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Kindergarten Readiness

March 24, 2011

by Dr. Liz Walenz

March is the time for March Madness, but in the pediatrics office, it is the start of the kindergarten physical season.   The time when 4, 5 and 6 year olds tromp down the halls of the office to get their vision and hearing checked.  They stand up so tall to get measured to see if they have grown and to see how much they weigh.  The visit is fun.  They get to show off their drawing skills, drawing different shapes, people and writing their names. They sit up tall and answer questions about their interests and likes and dislikes.

The current cut-off date for Omaha for kindergarten entrance is October 15th.   That is, children need to have their birthday on or before October 15th in order to gain entrance to kindergarten.  There is a proposal to change the date for the 2012/2013 season to July 1st.  It can be a difficult decision for the parents of those children born in the summer to send their children onto kindergarten or hold them back an additional year.

Some children are developmentally ready at 4/5 to start kindergarten, however, some children are not.  I had read an interesting article in the New York Times last year titled “The Littlest Red-shirts Sit Out Kindergarten.” The article spoke about parents holding children back an extra year for kindergarten primarily so that the child could gain height and wouldn’t be labeled the littlest kid throughout grade school and especially high school.  Parents start to think about high school sports early and if their child is the youngest and the smallest on the team, they likely won’t play varsity sports.

The article brought up some interesting points.  I started kindergarten on the younger end of the spectrum as did my husband and my son and thus far, we have done okay.  In 1970, 14.4 percent of kindergartners started at age 4, but in the year 2010, the number had dropped to less than 10 percent.  However, with an age span of 4 years to 6 years in kindergarten, this provides quite a challenge to the kindergarten teachers.  The teachers have to be able to challenge the 6 year olds and keep them occupied but also to provide age appropriate material to the 4 year olds in the class as well.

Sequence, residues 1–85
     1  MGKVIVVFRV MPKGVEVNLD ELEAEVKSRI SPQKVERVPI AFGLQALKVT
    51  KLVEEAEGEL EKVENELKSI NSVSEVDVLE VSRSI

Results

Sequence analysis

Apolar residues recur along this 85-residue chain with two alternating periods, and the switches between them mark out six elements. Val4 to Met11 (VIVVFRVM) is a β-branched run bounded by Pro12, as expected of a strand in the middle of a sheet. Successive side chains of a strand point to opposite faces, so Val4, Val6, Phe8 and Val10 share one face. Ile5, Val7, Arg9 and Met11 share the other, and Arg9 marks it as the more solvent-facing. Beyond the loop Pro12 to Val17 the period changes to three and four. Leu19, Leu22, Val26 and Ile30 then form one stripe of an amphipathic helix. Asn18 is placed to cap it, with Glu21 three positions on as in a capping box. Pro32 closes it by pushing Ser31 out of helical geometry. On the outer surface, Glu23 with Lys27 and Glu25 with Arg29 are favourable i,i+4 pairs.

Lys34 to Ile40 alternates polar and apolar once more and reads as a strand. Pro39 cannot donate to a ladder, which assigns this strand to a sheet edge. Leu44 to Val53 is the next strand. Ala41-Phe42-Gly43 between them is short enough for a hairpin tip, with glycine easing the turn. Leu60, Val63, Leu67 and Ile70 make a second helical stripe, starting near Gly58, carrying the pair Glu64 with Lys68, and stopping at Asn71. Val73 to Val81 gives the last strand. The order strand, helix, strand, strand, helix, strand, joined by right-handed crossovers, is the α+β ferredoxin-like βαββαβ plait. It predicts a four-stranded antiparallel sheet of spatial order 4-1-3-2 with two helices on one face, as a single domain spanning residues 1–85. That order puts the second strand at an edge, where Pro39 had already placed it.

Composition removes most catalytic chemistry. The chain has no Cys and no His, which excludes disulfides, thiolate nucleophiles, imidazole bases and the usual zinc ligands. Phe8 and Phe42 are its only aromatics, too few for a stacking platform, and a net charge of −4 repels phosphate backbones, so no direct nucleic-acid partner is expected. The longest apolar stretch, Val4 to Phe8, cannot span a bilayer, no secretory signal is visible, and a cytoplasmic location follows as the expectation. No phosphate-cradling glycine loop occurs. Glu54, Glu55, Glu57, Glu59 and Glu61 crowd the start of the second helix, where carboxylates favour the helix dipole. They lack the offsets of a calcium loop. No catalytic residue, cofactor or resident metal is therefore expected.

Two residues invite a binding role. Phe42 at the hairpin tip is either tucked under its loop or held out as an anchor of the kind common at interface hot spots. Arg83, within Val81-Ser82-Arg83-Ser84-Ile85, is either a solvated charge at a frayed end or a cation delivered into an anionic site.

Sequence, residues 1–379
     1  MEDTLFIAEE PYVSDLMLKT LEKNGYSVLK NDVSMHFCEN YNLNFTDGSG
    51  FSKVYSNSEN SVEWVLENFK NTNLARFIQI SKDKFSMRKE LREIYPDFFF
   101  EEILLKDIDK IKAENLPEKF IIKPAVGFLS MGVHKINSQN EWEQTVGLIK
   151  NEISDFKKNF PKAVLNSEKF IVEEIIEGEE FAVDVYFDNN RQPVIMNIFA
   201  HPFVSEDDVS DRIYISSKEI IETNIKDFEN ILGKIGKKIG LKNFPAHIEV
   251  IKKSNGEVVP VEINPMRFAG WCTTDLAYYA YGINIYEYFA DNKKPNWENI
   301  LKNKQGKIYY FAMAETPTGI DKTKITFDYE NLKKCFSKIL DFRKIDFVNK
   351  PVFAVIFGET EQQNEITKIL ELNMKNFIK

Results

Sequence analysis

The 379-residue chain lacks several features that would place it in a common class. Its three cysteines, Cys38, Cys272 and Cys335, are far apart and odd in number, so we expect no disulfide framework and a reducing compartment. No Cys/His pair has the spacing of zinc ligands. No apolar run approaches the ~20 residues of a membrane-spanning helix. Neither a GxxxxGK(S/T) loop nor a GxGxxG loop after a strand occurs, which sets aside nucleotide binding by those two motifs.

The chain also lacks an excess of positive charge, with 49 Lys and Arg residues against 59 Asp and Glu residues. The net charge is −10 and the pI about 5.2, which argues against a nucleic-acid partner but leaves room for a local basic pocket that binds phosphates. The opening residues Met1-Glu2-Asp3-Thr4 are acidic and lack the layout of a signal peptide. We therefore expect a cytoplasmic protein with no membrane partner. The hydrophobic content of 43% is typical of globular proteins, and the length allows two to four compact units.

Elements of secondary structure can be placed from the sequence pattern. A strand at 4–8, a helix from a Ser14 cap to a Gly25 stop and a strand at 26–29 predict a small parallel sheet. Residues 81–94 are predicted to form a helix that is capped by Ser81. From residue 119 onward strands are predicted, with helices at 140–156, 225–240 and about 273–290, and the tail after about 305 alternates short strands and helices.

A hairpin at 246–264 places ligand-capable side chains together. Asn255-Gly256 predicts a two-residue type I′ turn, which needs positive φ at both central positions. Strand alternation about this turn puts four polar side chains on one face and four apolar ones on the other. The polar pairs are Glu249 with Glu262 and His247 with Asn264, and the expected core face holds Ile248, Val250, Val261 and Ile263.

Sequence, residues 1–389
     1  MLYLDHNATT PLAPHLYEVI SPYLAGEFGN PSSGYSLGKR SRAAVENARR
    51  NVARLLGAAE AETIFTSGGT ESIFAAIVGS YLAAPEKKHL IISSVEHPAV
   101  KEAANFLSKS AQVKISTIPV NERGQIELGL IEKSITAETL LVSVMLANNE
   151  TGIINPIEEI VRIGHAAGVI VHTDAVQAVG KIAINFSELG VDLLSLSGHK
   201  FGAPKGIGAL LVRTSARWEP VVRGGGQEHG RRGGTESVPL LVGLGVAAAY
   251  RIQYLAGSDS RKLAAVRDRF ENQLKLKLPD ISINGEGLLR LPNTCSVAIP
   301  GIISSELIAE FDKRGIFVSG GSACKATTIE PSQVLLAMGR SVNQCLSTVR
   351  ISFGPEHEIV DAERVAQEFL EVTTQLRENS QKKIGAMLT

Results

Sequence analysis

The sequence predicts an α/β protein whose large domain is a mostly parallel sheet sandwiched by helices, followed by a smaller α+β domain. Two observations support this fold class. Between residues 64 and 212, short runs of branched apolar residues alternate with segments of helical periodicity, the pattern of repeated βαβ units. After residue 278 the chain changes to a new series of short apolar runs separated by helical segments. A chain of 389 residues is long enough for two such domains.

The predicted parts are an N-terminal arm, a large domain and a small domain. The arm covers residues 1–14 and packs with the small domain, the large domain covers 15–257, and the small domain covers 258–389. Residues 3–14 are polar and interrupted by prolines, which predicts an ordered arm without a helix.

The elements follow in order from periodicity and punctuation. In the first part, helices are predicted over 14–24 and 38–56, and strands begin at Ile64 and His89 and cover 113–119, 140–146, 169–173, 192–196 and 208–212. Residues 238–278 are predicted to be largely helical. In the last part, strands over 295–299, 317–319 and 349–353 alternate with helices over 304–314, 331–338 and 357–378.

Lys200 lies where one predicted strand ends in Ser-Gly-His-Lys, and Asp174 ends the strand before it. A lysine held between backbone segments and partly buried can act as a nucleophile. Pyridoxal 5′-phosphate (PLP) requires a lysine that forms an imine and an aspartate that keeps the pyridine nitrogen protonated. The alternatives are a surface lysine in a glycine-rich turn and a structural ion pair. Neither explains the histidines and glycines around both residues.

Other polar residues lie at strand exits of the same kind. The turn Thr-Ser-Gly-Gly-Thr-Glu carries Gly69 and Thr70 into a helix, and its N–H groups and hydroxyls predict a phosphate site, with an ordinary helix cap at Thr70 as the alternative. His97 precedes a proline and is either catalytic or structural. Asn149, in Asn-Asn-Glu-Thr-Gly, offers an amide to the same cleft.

How to decide?

I went to the books and researched this issue. The American Academy of Pediatrics generally does not recommend holding a child out of school for another year or putting them into a transitional or developmental kindergarten prior to the academic kindergarten year.   In reviewing the literature on effects of younger age in starting school demonstrated a small disadvantage for the youngest children in the 1st grade but these academic disparities disappeared by 3rd grade.

From the pediatrician’s perspective, we have to look at the whole child and not an isolated picture of the child at 4, 5 or 6 years of age. We need to look at the child’s health status.  If a child was born prematurely, had very low birth weight at birth or prenatal exposure to tobacco, alcohol or other drugs puts them at risk for low academic achievement.  These children often will achieve their developmental milestones slower than their peers.  The pediatrician needs to look at developmental milestones, motor milestones, but more importantly speech and language milestones.  Appropriate achievement of speech and language milestones is a stronger correlate to school readiness than achievement of motor milestones.

What are the speech/language milestones?

2 years:  Using “I,” “me”and “you,” although not necessarily correctly

Verbalizing immediate experiences, a base of at least 50 words, generally 50% of what a 2 year old will say is understandable to strangers

3 years:  Using an active vocabulary of 1000 words, speaking clearly that strangers can understand

4 years: Telling long stories

5 Years: Speaking, using adult sentence structure.

Also, the pediatrician needs to judge the child’s interaction with his/her environment. We need to look at the interactions between the child and parent.  We need to look at the respect of the parent for the child’s individuality and the conversations between parent and child.  We need to look at the parent’s ability to maintain appropriate control of the child as well.

One of the best things, a parent can do for a child is to read to a child.  Reading helps to improve the vocabulary of children and to improve their understanding of  the world.  Studies have shown that lack of exposure to books and reading has created a school readiness gap.  Introducing books early helps children to enjoy books which can last throughout their lifetime.

If you have questions, the best source for answers is to look to your pediatrician and your preschool teachers as well.

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